By Tyler Anderson ’07
Former Men's Tennis Team Captain
Individual sports at Northwestern, including tennis, golf, cross country and track and field, provide different opportunities to interact with the competition. While teamwork is essential in volleyball, football, baseball, softball and basketball, the key in individual sports is personal accountability. There isn’t a teammate to make up for the mistakes of a runner who runs a slower sprint or a golfer who finds the bunker.
Individual competition also means much more individual interaction with opponents, and Northwestern athletes take advantage of the one-on-one time with the so-called “enemy” to befriend them and show them the Northwestern difference. Walking a golf course for 18 holes with three opponents, squaring off with a player in a singles match or waiting for the next race can take hours each, providing ample time to get to know your opponent on a personal level.
“Tennis is ‘in your face’ competition,” said John Sanny, NWC tennis coach. “Players have to constantly talk to their opponents with scores, line calls, and sometimes objections and challenges. To teach players to be intense and competitive in this game, while treating their opponents with honor, is sometimes very difficult. The culture of tennis even includes the handshake after a match.”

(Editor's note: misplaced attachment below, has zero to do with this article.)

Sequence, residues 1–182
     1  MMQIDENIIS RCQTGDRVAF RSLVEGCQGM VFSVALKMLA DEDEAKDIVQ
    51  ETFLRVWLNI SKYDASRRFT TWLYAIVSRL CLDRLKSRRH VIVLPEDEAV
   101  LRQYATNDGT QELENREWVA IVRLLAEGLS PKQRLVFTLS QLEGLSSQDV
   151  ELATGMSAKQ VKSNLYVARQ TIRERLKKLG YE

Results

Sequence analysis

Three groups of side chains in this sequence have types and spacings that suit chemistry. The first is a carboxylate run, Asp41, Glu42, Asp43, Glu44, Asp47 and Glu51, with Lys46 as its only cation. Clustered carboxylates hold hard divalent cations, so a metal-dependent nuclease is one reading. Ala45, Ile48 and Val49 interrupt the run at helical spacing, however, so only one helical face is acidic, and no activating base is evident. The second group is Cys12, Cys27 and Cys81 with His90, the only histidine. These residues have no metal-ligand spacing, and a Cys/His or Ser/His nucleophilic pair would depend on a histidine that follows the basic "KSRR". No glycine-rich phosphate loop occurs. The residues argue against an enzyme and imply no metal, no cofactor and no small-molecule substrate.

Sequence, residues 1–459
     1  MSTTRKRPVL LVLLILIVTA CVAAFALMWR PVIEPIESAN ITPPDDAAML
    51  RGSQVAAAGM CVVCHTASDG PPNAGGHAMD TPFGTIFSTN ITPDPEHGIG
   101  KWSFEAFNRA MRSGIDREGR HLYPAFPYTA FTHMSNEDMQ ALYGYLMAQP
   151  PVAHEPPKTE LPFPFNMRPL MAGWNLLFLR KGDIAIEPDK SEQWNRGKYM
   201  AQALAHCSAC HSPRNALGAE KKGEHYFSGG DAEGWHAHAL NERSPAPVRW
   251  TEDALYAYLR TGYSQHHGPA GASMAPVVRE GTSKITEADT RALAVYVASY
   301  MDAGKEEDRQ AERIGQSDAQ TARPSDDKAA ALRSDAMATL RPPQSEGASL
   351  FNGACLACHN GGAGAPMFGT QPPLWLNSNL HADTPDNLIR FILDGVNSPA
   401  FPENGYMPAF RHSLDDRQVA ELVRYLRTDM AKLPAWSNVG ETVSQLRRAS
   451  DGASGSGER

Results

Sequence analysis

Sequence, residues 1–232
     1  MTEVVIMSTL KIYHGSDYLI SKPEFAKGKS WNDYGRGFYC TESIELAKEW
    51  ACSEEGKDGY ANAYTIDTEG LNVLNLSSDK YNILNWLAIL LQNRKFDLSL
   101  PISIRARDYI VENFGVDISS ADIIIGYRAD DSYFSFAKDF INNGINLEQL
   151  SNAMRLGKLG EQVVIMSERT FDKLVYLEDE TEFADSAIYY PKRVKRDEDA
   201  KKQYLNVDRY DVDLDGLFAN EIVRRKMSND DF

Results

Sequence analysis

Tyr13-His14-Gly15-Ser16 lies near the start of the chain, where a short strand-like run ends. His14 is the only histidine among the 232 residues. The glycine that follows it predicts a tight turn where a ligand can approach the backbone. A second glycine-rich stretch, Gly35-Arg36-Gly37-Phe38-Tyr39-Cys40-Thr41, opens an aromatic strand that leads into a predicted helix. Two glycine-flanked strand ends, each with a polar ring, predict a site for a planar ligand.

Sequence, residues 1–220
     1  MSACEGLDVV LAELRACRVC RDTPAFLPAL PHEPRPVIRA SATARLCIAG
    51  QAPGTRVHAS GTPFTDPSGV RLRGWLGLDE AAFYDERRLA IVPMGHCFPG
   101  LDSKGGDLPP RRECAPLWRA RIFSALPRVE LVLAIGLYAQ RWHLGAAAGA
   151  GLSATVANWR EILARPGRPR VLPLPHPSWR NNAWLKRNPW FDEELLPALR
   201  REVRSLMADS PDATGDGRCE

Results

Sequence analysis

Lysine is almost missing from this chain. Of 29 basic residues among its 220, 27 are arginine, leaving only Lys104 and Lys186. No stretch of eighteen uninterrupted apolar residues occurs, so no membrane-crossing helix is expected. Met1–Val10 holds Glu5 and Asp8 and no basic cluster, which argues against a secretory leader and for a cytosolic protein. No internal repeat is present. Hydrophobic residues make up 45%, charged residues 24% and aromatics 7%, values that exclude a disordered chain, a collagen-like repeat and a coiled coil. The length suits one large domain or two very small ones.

Tennis player Josh Fread ’11 said there is satisfaction in playing tennis even though the community support for his sport is different. “It’s not about having tons and tons of fans. It’s playing with your team. It’s about community and leadership.”
These “individual” Eagles take the challenge seriously though, and while the difference is difficult to measure, it would be hard to deny it exists. Sanny said it isn’t unlikely for a coach or a team to mention how they’ve enjoyed playing the Eagles. “University of Hawaii-Hilo actually invites us back to play them as often as we can, simply because their players have had such a fun, pleasant experience playing our teams,” he said.
Fread even acknowledged that one of his goals as a player is “making sure the other team has a good time while playing.”
With or without fans or accolades, Eagle athletes in individual sports strive to reflect their spirit of sportsmanship—whether in a match across town or on an island in the Pacific.